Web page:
Hawkins unsure of future after blaze destroys business

Rick Hawkins, left, assesses the destruction of his 24-year old business Hawkins Auto Service at 16th and Avenue E in Fort Madison. The building was destroyed by fire overnight Monday. Photo by Chuck Vandenberg/PCC

Late Monday fire destroys 97-year old auto service


FORT MADISON – A late Monday evening fire that lasted well into Tuesday morning, has left 65-year-old Rick Hawkins contemplating his future.

Hawkins is the owner of Hawkins Auto Service at 1602 Avenue E. The service center was destroyed by fire overnight Monday.

Fire officials said the fire started in the upper ceilings of the structure, but took a while to show itself in cold, crisp air with a wind blowing from the southeast.

Rick Hawkins, the 24-year owner of Hawkins Auto Service at 1602 Avenue G, collects items from a 97-year old safe that was in the office, that preserved important documents and other items. Firefighters were back on the scene Tuesday morning investigating the cause of the fire that destroyed the auto center overnight Monday. Photo by Chuck Vandenberg/PCC

Fire Chief Joey Herren said that helped protect property directly behind the building.

“We didn’t even have any blistering on the home behind the property,” he said.

The weather conditions and materials being burned made fighting the fire difficult.

Captain Eric Kerns, who had command at the scene said the smoke from the fire was so heavy it bogged down the department’s chainsaws so accessing the roof was difficult.

“The smoke was so heavy the chainsaws wouldn’t run. There was a double layer ceiling and we couldn’t find where the seed of the fire was. The whole time it was building up above.”

Kerns said firefighters went looking around for about the first hour putting out flare ups that kept cropping up around the roof the building.

“We went in kinda looking around and there was a seam over the garage part and we could see an orange glow running front to back and from that point we went into defensive mode. It wasn’t even two minutes later when it all went through.”

He said at that point, all the firefighters were out of the building and they began fighting the fire from the exterior and above.

“We don’t have a cause yet,” he said. “We’ll be here for a while investigating it.”

Herren said the attic was several layers thick and the flames took some time getting through to the surface.

Hawkins said the original office on the lot was built in 1922.  It had an office area with a pump island and two gas pumps on it.

“The guy that had this before, his uncle named it “Studies”. I bought it 1994, they had gas originally, but that was all gone when I bought it.”

Hawkins said the only thing he wanted out of the building was the safe and said the building is a total loss.

“I don’t know what I’m gonna do yet. I planned on working another four or five years, but I’m just going to see where I’m at with the insurance. The only thing worth saving in there is the safe.”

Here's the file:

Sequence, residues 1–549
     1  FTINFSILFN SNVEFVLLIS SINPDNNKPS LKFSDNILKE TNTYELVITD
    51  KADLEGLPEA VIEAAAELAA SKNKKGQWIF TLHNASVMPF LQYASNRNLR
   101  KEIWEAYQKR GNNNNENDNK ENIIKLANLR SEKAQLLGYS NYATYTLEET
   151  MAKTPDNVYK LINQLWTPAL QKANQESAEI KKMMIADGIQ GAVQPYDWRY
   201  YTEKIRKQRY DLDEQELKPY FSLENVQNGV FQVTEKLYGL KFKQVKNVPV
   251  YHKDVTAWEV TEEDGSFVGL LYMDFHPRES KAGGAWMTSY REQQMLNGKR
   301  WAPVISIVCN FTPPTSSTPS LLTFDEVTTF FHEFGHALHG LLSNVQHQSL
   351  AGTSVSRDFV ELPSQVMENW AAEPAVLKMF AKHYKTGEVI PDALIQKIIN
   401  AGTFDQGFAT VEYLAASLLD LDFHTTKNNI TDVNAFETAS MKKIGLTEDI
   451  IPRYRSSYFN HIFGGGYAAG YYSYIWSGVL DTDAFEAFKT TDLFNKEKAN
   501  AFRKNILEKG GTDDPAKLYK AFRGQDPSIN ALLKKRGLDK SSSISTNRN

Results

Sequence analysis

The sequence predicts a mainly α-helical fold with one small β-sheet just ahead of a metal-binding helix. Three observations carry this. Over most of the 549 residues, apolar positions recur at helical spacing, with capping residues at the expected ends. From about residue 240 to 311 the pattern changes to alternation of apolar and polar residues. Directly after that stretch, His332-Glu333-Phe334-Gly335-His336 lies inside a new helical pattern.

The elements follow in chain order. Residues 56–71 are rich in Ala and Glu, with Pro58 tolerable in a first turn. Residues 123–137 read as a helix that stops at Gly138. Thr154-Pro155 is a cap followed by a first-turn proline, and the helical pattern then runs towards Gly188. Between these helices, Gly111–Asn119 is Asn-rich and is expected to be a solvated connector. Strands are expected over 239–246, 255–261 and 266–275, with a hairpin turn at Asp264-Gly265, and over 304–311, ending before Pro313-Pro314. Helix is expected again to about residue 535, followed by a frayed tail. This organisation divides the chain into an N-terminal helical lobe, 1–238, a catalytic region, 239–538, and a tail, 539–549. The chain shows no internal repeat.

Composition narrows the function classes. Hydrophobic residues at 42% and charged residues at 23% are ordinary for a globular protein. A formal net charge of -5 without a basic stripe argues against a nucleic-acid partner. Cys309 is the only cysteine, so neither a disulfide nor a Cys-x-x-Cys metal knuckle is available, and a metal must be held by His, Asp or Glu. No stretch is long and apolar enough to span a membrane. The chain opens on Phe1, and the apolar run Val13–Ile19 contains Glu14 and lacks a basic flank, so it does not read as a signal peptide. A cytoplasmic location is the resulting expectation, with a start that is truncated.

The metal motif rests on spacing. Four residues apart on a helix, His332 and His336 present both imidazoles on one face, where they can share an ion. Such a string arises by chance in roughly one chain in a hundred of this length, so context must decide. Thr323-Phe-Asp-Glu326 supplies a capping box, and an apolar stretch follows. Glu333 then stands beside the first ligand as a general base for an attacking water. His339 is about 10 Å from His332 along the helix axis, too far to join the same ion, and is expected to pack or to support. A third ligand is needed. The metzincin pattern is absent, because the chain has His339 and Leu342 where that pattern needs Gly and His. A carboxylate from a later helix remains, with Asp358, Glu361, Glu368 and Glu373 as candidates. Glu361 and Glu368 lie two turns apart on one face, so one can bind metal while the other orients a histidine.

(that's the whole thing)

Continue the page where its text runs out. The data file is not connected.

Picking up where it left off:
Kerns said there were vehicles and several flammable materials in the building, but there were no explosions or other potentially dangerous situations, aside from the fire itself.

“These are some of the worst kinds of fires because you don’t know what’s inside. Not only were we wary of explosives in a garage, but also we had to feel around for pits where someone could fall in.”

Hawkins, who lives near Argyle, got a call at about 10:30 from a buddy who informed him of the fire.

Hawkins said he closed up the office at about 4:30 on Monday and said he wouldn’t have even opened considering it was the holiday, but was, ironically, scheduled to meet with a new property insurance rep.

“I probably wouldn’t even have been here yesterday, but I changed insurance companies and the new agent wanted to meet here to sign the paperwork and pick up a check,” he said.

Firefighters were on the scene for nearly five hours with the last crews coming back to the firehouse at about 3 a.m.. The call came into LeeComm dispatch just before 10 p.m. with a report of flames being seen by a passerby through the window and smoke coming from the building.

Fire officials quickly made an all-call for all off-duty personnel and then requested mutual aid from Denmark Fire & Rescue for manpower and air supply.

Firefighters used a water/foam mixture from the ground and then called the ladder truck to the scene where they worked on the roof from the north side of the building before moving to the east side on 16th Street just before the fire broke through the ceiling and roof.

“We were going through so many airtanks that we called in Denmark because they have a mobile cascade system to fill airtanks for some manpower,” Kerns said.

On Tuesday morning, fire officials were back on the scene investigating the fire and helping Hawkins recover paperwork, and other items, that were well protected in a safe that was almost 100 years old.

Below is a link to a video firefighters battling the blaze late Monday night.

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